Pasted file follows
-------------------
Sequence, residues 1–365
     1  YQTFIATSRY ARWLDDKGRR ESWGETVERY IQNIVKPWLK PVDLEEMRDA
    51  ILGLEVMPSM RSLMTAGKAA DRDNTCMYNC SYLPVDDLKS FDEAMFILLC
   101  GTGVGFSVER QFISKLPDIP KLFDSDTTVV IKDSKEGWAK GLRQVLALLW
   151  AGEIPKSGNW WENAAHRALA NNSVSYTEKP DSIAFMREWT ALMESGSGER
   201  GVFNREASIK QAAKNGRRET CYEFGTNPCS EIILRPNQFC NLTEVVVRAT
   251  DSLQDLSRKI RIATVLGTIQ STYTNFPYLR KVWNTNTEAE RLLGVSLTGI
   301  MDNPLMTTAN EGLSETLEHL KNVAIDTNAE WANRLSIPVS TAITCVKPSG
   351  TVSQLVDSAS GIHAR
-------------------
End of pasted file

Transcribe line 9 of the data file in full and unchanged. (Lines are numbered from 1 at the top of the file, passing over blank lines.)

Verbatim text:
   351  TVSQLVDSAS GIHAR